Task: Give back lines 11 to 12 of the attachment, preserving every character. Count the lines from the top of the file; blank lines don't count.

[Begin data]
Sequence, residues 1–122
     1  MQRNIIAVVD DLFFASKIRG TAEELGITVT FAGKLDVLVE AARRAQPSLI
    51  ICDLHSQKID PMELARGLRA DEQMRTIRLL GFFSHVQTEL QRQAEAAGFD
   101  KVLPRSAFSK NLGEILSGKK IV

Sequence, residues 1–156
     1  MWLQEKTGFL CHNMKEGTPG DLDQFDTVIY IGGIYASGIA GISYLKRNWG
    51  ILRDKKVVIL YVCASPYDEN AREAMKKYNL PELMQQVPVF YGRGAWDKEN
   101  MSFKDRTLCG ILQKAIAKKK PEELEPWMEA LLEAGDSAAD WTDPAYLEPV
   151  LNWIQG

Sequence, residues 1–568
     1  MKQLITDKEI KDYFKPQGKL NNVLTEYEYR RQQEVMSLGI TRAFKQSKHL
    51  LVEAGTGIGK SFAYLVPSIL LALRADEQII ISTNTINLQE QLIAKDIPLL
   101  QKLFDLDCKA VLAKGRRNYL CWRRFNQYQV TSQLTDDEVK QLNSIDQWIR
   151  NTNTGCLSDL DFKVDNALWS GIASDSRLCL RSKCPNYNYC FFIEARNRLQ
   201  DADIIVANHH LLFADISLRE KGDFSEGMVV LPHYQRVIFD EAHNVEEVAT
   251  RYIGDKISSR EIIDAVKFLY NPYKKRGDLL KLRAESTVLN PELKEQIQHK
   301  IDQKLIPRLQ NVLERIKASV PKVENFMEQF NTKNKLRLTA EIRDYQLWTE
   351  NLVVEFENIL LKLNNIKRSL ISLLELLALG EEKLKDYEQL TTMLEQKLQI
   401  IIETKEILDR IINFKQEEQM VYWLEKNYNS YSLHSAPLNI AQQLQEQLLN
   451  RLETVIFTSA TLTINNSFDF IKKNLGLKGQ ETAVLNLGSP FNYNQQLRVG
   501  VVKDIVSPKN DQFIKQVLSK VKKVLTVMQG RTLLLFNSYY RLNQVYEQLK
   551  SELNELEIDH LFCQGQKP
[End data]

     1  MKQLITDKEI KDYFKPQGKL NNVLTEYEYR RQQEVMSLGI TRAFKQSKHL
    51  LVEAGTGIGK SFAYLVPSIL LALRADEQII ISTNTINLQE QLIAKDIPLL